1) A pure function represented in a dataflow can be applied to a static constant or to a value in the same dataflow. (It is also possible to zip dataflows together, if you can make them reach the same site.)

    2) An impure behavior represented in a stream can be applied to process other streams that are already reaching a common input site, so long as the outputs may be directed to a common destination. The site of application is modeled as a generic primitive behavior.

    The static types are quite straightforward. But perhaps I’m not seeing why you had a problem with the static types. I would appreciate more details about why you felt abandoning first-class functions was necessary.

    1. My escape hatch is to support meta-programming. But I haven’t worked that out yet, and it depends on a good solution to the old problem of schema change. What do you think are the essential needs for dynamic types?

      1. By dynamic behavior, I mean expression of program behavior that is constructed at runtime (e.g. based on an external configuration). Effective support for dynamic behavior requires that libraries can aide developers in construction, which in turn requires that dynamic behaviors be subject to communication.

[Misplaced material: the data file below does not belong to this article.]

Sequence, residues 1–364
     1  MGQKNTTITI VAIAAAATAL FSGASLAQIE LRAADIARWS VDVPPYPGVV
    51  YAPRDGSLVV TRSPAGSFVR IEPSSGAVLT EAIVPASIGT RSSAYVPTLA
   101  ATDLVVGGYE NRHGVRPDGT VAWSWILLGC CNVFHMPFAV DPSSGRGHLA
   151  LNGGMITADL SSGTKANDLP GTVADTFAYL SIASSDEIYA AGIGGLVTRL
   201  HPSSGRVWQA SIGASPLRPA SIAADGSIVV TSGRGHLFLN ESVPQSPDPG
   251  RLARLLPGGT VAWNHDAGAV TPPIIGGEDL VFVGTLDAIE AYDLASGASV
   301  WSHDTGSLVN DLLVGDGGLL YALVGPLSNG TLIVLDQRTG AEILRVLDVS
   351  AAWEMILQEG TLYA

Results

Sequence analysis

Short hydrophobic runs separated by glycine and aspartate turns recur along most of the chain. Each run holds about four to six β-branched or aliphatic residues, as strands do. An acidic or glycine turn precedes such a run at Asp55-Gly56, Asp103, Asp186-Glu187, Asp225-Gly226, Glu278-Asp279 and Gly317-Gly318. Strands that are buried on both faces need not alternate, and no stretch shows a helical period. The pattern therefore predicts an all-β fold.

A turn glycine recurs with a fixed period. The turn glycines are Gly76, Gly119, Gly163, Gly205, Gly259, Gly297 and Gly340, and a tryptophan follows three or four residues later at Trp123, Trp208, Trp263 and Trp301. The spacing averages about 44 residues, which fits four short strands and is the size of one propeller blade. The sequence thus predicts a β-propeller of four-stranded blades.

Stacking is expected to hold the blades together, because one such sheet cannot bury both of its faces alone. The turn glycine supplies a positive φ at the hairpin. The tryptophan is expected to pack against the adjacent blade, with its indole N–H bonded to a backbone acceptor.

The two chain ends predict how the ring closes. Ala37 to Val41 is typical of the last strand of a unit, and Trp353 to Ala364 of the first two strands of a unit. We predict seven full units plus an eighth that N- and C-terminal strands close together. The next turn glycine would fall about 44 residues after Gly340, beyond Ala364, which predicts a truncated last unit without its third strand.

A first class function is a dynamic behavior, but there are dynamic behaviors that are not first-class functions. Examples include scripts, and objects, and the sort of structurally constrained staged metaprogramming I described earlier.

        Regarding dynamic types: those are useful, too. If you favor static types, I recommend you implement some features akin to Haskell’s Generics, Data.Dynamic, and Data.Typeable.

  6. The computing world uses more diverse languages than ever and languages described as user friendly really aren’t simple as you say. But people usually don’t care as simple means “familiar” for them.

    Keeping simplicity as a first goal is noble and pertinent for the long term and I hope this decision for a simpler type system will be well accepted in the context of your project.

    The semantic of C is very simple and its order of complexity is not very different from the interface derived at the machine language level. I do not expect a modern alternative to be much different in this aspect.

    At first I saw Subtext as a quite high level experience in language design. With this simpler type system, I now see it can become pretty low level. Maybe this distinction high level / low level is not very pertinent any more.

    An additionnal bonus towards a simpler, lower level language is that it may be easier to market, as people will not perceive it immediately as a competitor with their current environments.

  7. Really looking forward to see the progress of Subtext. Doing away with first class functions seems to throw away a lot of the concise and expressive powers of functional programming?

    1. Yes and no. I can still support key use cases like maps, folds, and comprehensions that are specified statically. But my design target is application programming, where I believe “concise and expressive” tend to be bad things.